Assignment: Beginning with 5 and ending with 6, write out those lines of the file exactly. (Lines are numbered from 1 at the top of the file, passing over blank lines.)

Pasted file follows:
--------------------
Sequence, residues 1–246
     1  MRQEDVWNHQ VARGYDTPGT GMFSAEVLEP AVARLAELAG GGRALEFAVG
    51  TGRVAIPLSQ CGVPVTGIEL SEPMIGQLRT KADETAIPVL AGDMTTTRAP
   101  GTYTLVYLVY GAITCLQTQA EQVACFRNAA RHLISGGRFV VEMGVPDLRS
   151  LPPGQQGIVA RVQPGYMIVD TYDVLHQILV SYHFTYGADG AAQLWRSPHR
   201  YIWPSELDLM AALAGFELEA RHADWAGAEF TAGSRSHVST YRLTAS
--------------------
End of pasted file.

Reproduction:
   151  LPPGQQGIVA RVQPGYMIVD TYDVLHQILV SYHFTYGADG AAQLWRSPHR
   201  YIWPSELDLM AALAGFELEA RHADWAGAEF TAGSRSHVST YRLTAS